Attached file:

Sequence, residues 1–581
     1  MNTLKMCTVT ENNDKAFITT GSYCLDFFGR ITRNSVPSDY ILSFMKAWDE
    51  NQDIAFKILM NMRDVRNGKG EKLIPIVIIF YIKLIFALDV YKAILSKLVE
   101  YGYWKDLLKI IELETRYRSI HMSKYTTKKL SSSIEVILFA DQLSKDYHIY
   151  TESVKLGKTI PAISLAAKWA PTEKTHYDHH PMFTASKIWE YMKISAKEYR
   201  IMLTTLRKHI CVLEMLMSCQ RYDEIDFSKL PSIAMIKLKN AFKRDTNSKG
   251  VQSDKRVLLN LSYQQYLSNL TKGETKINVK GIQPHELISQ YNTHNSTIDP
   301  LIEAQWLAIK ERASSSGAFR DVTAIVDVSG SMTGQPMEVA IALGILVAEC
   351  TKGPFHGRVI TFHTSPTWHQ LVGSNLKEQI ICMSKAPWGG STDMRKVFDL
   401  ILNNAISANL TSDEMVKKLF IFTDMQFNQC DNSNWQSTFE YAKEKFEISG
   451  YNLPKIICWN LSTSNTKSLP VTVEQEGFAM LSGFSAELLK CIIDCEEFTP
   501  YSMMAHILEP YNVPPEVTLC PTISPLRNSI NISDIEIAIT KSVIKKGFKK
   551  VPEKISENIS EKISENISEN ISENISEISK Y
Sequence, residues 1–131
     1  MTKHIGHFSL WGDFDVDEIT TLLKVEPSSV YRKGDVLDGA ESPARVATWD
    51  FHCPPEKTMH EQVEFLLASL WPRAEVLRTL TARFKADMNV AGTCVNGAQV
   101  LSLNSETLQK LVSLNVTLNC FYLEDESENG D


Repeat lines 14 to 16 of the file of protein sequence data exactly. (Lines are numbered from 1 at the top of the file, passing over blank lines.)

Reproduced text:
Sequence, residues 1–131
     1  MTKHIGHFSL WGDFDVDEIT TLLKVEPSSV YRKGDVLDGA ESPARVATWD
    51  FHCPPEKTMH EQVEFLLASL WPRAEVLRTL TARFKADMNV AGTCVNGAQV